Syracuse poet reads verses inspired by Ghanaian heritage at Salt City market
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Although Kofi Antwi is wary of ringing clichÃ©s, he believes that poetry has always been in him. When Antwi recounts his childhood, he remembers creating storylines for his toys.
âAs a writer, I started to realize that it was great to write abstract and colorful images, but you also have to write in the concrete and discuss the reality,â Antwi said.
Last night, during a small round of press readings at the Salt City Market, Antwi – who has been featured in various literary magazines, including The Good Weather for MEDIA and Rigorous – delivered a selection of his poems to the students, to poetry lovers, friends and family. Colgate University and Syracuse University Libraries hosted the event in partnership with Write Out Syracuse.
With low vibrato and a presence that dominated the piece, Antwi delivered moving extracts from his poems, inspired by his Ghanaian heritage, his upbringing in Brooklyn and Staten Island, his black identity and his hope for change. He’s frank that it might not always be light listening for everyone.
âSome of my poems are uncomfortable; he talks about things that make people uncomfortable. But it’s poetry. It’s poetry at its core, âAntwi said.
Her childbirth remained strong, despite the gushes of a whiny toddler in the back of the room who would later be revealed as her son.
âNow that my son is gone, I really get alongâ¦ A rookie mistake that I now know not to make,â he joked in the middle of the poem.
While Antwi exudes confidence and success these days, it hasn’t always been the case for the 33-year-old poet. His years of entering poetry are filled with hesitation and uncertainty. It wasn’t until Antwi joined Open Moments, the Utica College poetry club, that he was inspired by the courage and fearlessness of his fellow poets to translate his voice into this medium.
Growing up in a West African home also didn’t offer the warmest welcome in careers outside of being a doctor, lawyer or engineer, Antwi said. It was a return trip to Ghana two Christmases ago, however, when Antwi reconciled with his identity and role in his poetry.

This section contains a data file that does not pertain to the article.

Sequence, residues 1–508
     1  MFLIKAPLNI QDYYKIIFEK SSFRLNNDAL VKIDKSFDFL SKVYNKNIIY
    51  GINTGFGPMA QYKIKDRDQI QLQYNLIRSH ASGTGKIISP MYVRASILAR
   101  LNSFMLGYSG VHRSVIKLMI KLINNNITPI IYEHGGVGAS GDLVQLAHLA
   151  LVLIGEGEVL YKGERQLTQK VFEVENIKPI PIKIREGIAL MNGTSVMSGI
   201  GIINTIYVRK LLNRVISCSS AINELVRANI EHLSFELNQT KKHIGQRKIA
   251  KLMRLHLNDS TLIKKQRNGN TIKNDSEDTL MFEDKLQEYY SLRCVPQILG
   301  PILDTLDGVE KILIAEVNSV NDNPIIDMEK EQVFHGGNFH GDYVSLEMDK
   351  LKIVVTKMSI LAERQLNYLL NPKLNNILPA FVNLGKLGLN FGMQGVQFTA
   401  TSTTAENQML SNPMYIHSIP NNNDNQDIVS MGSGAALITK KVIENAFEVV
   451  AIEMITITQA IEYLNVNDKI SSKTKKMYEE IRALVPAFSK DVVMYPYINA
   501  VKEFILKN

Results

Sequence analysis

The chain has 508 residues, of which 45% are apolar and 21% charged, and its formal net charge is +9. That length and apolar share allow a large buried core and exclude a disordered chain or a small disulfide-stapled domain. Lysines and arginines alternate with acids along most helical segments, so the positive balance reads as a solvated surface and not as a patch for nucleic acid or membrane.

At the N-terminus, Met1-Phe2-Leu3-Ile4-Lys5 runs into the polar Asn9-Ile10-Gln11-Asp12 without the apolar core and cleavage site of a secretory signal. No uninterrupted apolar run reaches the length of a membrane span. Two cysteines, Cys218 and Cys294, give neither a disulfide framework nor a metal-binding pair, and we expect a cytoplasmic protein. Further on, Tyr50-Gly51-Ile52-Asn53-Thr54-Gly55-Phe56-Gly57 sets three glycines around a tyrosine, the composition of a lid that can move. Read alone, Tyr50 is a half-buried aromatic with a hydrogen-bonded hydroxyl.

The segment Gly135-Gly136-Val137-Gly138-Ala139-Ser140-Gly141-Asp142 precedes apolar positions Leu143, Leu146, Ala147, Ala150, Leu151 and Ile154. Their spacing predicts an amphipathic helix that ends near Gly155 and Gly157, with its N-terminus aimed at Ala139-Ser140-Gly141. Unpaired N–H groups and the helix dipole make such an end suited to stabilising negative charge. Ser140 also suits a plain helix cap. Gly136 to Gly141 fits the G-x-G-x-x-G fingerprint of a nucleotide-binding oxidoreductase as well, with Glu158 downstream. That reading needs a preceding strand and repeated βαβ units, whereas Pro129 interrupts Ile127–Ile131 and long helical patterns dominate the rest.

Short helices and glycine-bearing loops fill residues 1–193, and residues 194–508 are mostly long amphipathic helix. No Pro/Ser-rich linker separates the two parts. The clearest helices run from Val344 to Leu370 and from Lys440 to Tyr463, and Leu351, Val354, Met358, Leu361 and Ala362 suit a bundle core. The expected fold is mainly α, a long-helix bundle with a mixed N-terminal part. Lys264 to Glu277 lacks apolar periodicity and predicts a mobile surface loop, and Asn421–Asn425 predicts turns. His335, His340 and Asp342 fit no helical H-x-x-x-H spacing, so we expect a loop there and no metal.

âI love going back to Ghana,â Antwi said. âEvery time I return to Ghana, I feel rejuvenated. It gives me the sense of knowing myself.
It was also not until this trip in 2019 that Antwi felt his first book of poems “Tidal Wave” was ready for publication, a book that Jacob Gedetsis – who helped plan the reading at the market – has. praised in his Antwi introduction on Tuesday. evening.
Gedetsis is the co-founder and director of Write Out, the community writing collective that planned the event. Write Out engages college students in community outreach within Syracuse area school systems as well as on the SU campus. He found the location within the downtown Salt City Market to be different from typical campus sites.
âWe felt lucky to have Kofi Antwi with us today, and he’s new to the area, so it was a great and warm welcome for a new poet who has made Syracuse his home,â said Gedetsis.
Event participant Lauren Cooper is currently pursuing her doctorate. in English Literature at SU and is also involved in Write Out, which she described as a âcommunity writing collectiveâ that started with after-school writing programs.
âWe would go to specific community center sites once a week after school and work with students, like young children, and just write poetry and tell stories, draw pictures,â Cooper said.
After the reading, as he reflected on his journey as a man to bring him to this point of becoming a famous and published poet, Antwi recalled that “it takes a while before we writers , realized that we are where we want to be. “
Antwi is distinguished by the separation of life and writing, although he recognizes that there is an overlap and that his work is a representation of who he is.
âWhat I believe should be said and articulated even through creative mediums like poetry. And, I think that’s the beauty of it, isn’t it? Antwi said.
Posted on October 21, 2021 at 12:06 am